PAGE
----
Solid Brass Nocturnal with Hardwood Stand

In stock
$45.00
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Dimensions & Weight:
4 1/2 inches (11.4 cm) in diameter, 5 1/2 inches (14.0 cm) tall
9.1 ounces (258 grams)

Hardwood Base -
4 1/2 inches (11.4 cm) wide and 2 1/8 inches (5.4 cm) deep

Product Features:
Early sea-faring navigational instrument
Used as a means of calculating the latitude and the time at night
First described in 1272, use faded in the late fifteenth century

Full Description:
The nocturnal or "night disc," was an early sea-faring navigational instrument.  The nocturnal was used as a means of calculating the latitude and the time at night for use in navigation.  First described in 1272, the nocturnal continued to be improved upon until its use faded in the late fifteenth century.  This full size faithful solid brass reproduction of the nocturnal measures 4 1/2 inches (11.4 cm) in diameter, 5 1/2 inches (14.0 cm) tall, and weighs a solid 9.1 ounces (258 grams).  The hardwood base measures 4 1/2 inches (11.4 cm) wide and 2 1/8 inches (5.4 cm) deep.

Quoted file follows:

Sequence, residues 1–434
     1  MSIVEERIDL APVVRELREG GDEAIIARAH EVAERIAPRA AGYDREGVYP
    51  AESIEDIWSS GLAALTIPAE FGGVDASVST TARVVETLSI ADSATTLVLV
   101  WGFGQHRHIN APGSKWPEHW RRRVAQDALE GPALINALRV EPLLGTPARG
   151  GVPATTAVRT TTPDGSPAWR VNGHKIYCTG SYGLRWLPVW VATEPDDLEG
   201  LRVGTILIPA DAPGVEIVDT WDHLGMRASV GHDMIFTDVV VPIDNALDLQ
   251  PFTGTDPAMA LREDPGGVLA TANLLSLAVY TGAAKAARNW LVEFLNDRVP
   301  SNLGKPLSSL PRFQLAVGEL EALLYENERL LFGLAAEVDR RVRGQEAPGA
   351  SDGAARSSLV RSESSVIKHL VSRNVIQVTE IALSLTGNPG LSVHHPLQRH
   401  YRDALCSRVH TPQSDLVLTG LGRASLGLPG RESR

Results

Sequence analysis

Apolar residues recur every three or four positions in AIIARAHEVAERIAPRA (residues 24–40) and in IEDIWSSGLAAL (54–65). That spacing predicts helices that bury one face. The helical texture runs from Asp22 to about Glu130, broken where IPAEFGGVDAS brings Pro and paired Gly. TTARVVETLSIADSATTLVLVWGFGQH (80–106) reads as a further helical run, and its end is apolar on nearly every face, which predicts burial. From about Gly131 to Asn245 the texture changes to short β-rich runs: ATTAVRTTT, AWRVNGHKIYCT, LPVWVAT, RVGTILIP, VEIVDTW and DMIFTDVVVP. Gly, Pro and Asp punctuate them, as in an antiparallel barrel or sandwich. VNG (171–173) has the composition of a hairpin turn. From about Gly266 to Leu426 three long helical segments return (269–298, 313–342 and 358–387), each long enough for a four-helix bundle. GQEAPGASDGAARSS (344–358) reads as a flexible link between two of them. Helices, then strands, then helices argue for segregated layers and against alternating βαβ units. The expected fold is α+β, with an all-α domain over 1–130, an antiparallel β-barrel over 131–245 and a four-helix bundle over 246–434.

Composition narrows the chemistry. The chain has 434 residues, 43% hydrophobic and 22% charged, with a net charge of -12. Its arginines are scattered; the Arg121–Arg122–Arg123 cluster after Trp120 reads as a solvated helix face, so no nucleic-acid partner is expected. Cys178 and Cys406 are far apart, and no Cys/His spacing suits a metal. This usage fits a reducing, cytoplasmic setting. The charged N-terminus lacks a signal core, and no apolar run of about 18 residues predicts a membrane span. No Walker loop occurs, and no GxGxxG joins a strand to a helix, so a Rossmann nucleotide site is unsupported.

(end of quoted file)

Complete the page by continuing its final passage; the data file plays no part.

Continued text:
The nocturnal is shaped somewhat like a hand mirror, and elaborately decorated.  The circumference was divided into twelve equal parts corresponding to the months of the year.  There was an "index" or "pointer" that pivoted from the center of the disc.  The nocturnal was placed at arm's length with the North Star Polaris visible through a hole in the center.  The pointer was aligned to the nearby star Kochab, the second brightest star in Ursa Minor, which circles the pole star Polaris.  The nocturnal’s scale would yield a correction in arcminutes, to be applied to Polaris.  The slight distance of Polaris from the true pole would otherwise result in a 50-mile error if not compensated.  This simple method of latitude determination was popular until the fifteenth century.  The nocturnal could also be used to determine the time from the celestial clock that rotates around Polaris.  The month and day were set on the scales around the perimeter.  The readings taken would yield the time.

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